Sergio Santos has a deeply personal reason why he is fighting to keep NUMMI open; he is president of the union representing most of the NUMMI workers and he knows the pain of a plant closing.
Santos' father worked at the old Chevy plant in Fremont, where the last car came off the line in 1982.
"Brother in college, my father comes out the following day and tells me, 'Son, you've got to go to work, I'm not going to be able to afford you to go to school,'" Santos said. "It's hard to make ends meet. We later lost our house."
He told the story to a blue ribbon panel created by state Treasurer Bill Lockyer.
"A key goal for the commission is to have Toyota defer the decision on the future of the plant for at least two years when the auto market is more stable, when the state of California is more secure," Lockyer said.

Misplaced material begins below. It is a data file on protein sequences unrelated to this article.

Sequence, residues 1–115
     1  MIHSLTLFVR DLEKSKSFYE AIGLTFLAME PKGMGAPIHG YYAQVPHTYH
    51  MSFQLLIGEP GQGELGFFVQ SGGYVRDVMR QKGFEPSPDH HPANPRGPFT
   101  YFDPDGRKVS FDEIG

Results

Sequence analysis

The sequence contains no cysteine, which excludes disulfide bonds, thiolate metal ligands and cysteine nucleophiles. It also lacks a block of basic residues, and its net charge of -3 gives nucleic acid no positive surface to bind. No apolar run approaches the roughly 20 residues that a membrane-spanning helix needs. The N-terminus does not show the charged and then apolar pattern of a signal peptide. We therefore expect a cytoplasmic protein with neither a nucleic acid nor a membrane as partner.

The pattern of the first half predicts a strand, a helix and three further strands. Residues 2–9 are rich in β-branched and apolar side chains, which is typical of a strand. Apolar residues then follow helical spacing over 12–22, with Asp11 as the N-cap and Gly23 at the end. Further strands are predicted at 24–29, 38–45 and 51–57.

The commission is in fact-finding mode to create a business plan it hopes will convince Toyota NUMMI can be a profitable operation.
It has found the toll on the local economy will be staggering.
It is estimated it will cost $2.3 billion to create replacement jobs, $510 million in lost wages and benefits by NUMMI workers and $1.4 billion in lost wages and benefits by suppliers.
Even with 36 days left before the scheduled shutdown, Richard Holober, executive director of the Consumer Federation of California, thinks Toyota can do something positive.
"One way it can repair its relationship with consumers would be to say, 'We're going to keep the good, successful, high-quality plant open,' and I think then consumers will feel a little bit better," he said.
No one from NUMMI attended the hearing. A company spokesperson later re-iterated plans to end production March 31.
Once the report is issued next week in Sacramento, a select group of the commission plans to go to Japan and meet with Toyota CEO Akio Toyoda to press their case.